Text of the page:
Good read: The value of Ignite

3 December, 2013 § Leave a comment

Recently I got a shout-out from Tricia Broderick in her blog post, “The value of Ignite“. The post was a great reminder of what someone can accomplish when they step out of their comfort zone and try something they’ve never done before.

We held multiple of these “Ignite” events at TechSmith. At each event we had about eight presenters who covered various work and non-work related topics. The twist to the presentations is that each slide can only be on-screen for 15 seconds (auto-advancing) and you only get 20 slides.

These turned out to be great activities for people to learn more about their coworkers as well as get practice presenting. See Tricia’s blog post for her take on the event.

Tools & Processes for ensuring software quality at Mozilla

11 December, 2012 § 2 Comments

Last week I gave a talk at TechSmith about some of the tools & processes for ensuring software quality at Mozilla.

TechSmith develops multimedia software based around various screen capture uses. Some of their most popular software is Camtasia Studio and Snagit.

Like Mozilla, they use continuous integration, unit tests, manual testing, and code reviews to maintain software quality.

The talk was recorded and I hope to get a copy of the talk to upload here and share with others. In the meantime, I’ve included a link to the slides below:

Tools & Processes for ensuring software quality at Mozilla

Please let me know if I made any errors or omissions.

The benefits of slow-motion videos of user interface features

30 January, 2012 § 4 Comments

The people working on Firefox have been spending a lot of time recently making sure that the browser is not just running with the highest performance as possible, but also running with the best perceived performance.

There are some cases where animations in the user interface may appear jerky, having large pauses or stutters while transitioning from one state to another.

One example is the transition from an open tab to a closed tab. In today’s release version of Firefox, tabs close by reducing their width to 0 pixels while also reducing their opacity to become transparent at the same time. With these two animations occurring at the same time, the tab becomes invisible much earlier than its width becomes 0 pixels. This results in a visible hole in the tab strip.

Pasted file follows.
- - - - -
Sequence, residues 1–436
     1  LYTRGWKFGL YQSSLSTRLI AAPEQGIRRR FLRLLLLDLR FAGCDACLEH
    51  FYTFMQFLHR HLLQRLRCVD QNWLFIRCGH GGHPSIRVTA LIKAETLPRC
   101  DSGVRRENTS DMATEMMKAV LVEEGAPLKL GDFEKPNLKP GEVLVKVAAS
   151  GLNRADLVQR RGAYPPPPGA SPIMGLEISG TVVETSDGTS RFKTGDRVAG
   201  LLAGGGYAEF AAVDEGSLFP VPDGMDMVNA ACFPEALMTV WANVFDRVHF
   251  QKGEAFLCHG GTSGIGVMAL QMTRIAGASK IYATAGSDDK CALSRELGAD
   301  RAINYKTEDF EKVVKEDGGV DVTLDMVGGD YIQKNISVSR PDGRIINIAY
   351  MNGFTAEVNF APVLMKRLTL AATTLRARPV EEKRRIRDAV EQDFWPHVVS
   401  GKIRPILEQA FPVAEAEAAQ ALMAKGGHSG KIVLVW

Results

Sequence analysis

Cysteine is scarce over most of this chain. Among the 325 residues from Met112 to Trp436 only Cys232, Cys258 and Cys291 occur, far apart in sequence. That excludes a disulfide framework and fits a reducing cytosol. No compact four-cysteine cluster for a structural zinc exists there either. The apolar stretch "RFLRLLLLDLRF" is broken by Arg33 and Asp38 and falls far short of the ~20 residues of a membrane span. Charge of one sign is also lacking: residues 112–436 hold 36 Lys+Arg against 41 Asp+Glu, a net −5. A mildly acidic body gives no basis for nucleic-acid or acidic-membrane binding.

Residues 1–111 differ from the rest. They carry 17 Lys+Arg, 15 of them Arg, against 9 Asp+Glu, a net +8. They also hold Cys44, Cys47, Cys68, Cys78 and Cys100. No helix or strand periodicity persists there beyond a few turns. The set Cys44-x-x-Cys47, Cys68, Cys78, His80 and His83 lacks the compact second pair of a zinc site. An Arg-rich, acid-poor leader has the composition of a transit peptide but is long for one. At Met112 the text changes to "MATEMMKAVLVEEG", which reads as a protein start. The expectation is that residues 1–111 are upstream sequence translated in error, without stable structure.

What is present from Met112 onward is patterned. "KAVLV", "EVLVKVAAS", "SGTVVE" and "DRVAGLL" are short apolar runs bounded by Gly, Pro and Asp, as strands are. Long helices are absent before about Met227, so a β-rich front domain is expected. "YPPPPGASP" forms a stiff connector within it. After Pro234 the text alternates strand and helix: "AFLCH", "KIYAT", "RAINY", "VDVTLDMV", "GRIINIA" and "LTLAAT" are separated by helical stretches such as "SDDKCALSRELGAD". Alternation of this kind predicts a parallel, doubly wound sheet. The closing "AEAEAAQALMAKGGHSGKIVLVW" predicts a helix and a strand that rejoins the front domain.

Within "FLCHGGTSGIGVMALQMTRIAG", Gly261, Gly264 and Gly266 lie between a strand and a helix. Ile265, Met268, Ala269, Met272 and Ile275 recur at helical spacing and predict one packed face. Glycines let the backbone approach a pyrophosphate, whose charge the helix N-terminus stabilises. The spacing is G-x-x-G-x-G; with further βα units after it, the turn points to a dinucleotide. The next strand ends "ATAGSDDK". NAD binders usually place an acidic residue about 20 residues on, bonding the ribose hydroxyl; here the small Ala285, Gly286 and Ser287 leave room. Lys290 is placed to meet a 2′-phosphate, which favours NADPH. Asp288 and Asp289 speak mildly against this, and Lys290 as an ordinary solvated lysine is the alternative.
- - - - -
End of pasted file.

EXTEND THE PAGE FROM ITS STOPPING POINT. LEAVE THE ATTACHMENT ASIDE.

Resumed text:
Starting in Firefox 12 (currently in the Nightly phase), the animations delay the fading of the opacity to a later time to remove this visual hole.

Finding an issue like this may be easy, but seeing at a slow speed what is happening and if a fix works better is hard. Since these animations run pretty fast, developers need to slow the animations down.

Asa Dotzler used Camtasia Studio and recorded the tab closing transitions at 60 fps (Camtasia Recorder -> Tools -> Options -> Inputs -> 60 fps) and then encoded them at 15 fps (Save and Edit -> right-click on clip -> Clip Speed -> 25%). This provided us with a slow-motion reproduction of the animation (only animates in Firefox, click on the image to see the animation):

After Asa created the animation, Dao Gottwald put together a patch that tweaked the timings of the various transitions. I put together a new recording that showed the effect of this change (click on the image to see the animation):

Recording user interface features can really help get a detailed look at how the software looks and feels. Maybe there will be an opportunity for you to use software like this in the future :)

Thank you TechSmith

8 June, 2011 § 2 Comments